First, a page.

My friend Noe Tanigawa explained to me that a big criterion for her in creating artwork was the quality of "Trippiness." By this I think she means that visual fascination of a good LSD experience, or that otherworldliness we used to experience as children lying under the Christmas tree looking up through the branches with all the glitter and lights.
I decided to let loose with my inner trippiness in a collection of new works for an art show opening this Friday, July 1 at the East Hawaii Cultural Center. I have the small room on the makai corner of the building, while Elfie Wilkins-Nacht and the Hawai'i Photo Shooters are occupying the other galleries.
Most trippy of all are my spinning, hanging mobile paintings, done on both sides of wooden panels and suspended in clusters from the ceiling. The biggest are 18" across, and can work up quite a frightening momentum in a windstorm such as I sometimes have whipping through my studio. But in general they spin at a leisurely rate and one can enjoy a rippling play of light constantly moving across surfaces that have been heavily textured in modeling paste and then painted in metallic and iridescent colors. My favorite ones are the simplest, with brown and black shapes that recall African sculpture.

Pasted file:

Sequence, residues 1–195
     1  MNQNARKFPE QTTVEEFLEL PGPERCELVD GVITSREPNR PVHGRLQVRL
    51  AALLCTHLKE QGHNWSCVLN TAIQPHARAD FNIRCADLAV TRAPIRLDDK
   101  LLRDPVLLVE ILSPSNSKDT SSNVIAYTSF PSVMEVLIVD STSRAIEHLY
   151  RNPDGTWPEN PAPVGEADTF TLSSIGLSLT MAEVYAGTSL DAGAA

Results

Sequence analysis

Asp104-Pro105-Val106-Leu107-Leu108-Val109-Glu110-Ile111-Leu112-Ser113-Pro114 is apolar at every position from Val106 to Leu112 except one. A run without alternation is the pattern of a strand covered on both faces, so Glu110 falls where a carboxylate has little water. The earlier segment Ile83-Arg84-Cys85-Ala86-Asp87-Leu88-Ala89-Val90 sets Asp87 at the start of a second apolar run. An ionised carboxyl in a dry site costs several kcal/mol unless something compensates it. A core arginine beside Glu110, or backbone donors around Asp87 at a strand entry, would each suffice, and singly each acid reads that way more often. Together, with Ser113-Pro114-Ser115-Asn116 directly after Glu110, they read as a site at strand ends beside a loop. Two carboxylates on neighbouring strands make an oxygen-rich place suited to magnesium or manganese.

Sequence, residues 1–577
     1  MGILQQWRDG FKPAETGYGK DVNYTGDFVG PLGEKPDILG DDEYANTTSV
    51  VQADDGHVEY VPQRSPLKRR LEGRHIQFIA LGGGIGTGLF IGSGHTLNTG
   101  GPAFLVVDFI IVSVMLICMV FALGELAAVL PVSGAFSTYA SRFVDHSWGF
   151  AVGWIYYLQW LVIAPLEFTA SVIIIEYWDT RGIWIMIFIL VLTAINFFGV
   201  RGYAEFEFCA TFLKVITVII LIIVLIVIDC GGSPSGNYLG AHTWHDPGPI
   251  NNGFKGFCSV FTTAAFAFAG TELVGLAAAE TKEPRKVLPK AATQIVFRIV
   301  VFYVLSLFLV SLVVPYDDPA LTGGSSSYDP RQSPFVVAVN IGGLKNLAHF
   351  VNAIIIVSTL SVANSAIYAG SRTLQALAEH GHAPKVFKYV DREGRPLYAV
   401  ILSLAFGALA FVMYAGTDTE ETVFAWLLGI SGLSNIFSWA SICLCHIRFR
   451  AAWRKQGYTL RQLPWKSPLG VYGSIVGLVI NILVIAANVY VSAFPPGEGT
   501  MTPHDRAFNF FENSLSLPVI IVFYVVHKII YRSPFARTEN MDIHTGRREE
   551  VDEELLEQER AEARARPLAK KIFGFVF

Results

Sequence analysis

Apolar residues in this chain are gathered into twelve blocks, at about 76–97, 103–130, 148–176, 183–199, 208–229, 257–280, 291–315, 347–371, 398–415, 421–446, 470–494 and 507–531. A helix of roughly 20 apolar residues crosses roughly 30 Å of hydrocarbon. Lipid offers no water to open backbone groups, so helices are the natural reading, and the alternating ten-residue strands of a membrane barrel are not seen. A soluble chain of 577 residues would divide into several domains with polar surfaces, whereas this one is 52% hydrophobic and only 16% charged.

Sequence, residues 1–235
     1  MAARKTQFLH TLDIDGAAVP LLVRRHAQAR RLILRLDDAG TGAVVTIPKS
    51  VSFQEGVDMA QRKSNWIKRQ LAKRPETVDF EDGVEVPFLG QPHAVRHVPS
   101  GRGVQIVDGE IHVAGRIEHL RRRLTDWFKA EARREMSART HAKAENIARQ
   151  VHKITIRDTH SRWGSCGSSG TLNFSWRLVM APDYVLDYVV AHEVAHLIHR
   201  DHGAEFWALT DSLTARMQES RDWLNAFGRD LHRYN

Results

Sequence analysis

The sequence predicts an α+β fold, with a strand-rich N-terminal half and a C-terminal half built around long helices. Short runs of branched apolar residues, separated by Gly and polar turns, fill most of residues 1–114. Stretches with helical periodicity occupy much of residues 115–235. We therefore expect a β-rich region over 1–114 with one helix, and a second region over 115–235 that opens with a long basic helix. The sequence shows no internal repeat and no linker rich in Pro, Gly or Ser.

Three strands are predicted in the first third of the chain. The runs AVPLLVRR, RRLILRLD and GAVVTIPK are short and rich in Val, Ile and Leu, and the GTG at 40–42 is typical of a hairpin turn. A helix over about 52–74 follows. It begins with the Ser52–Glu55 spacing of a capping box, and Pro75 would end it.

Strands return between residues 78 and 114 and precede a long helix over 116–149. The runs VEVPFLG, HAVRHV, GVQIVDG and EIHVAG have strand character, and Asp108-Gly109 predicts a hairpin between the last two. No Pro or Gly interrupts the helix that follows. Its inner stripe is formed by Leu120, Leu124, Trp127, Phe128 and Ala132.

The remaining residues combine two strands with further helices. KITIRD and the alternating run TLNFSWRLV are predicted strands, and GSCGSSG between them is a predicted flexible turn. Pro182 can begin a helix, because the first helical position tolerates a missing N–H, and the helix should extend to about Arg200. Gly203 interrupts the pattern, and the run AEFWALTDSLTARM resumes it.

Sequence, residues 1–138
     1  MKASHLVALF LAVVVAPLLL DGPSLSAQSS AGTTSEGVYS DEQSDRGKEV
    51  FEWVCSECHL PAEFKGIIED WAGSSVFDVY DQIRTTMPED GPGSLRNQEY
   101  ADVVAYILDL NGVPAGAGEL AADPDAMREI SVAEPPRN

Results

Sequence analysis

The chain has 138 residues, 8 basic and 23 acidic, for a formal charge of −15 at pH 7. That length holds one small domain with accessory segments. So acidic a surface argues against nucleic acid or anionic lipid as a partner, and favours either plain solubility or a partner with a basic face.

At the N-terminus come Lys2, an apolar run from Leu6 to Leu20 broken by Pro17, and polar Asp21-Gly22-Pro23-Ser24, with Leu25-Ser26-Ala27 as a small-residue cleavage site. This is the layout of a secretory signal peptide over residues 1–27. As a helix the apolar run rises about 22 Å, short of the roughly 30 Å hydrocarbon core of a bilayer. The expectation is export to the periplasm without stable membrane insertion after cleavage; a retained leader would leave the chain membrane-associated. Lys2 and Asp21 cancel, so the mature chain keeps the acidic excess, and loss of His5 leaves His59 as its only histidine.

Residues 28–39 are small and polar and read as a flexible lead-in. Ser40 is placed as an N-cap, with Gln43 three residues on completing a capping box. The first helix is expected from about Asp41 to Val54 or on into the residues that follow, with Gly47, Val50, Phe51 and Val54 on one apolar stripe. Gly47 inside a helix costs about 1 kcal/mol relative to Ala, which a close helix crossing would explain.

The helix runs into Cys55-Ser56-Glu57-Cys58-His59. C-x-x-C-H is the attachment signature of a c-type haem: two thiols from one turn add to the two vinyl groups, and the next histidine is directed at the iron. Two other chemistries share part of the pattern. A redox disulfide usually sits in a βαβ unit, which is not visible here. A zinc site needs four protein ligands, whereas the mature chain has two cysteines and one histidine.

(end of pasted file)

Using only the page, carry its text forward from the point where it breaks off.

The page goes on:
I'm also showing a pair of giant paintings with swimmers suspended among dolphins, or over coral formations, against a background of gleaming gold. I used a broom to create huge swirls of texture that illuminate and add an element of -- trippiness!
Also, finally, the (nearly) completed panels for my client on Kaua'i. I think having them formally displayed to the public will help me figure out what, if anything, needs to be done to finalize them. They are a sort of art-deco, socialist-realist fantasy recreation of a Hawai'i that may or may not have looked anything like this!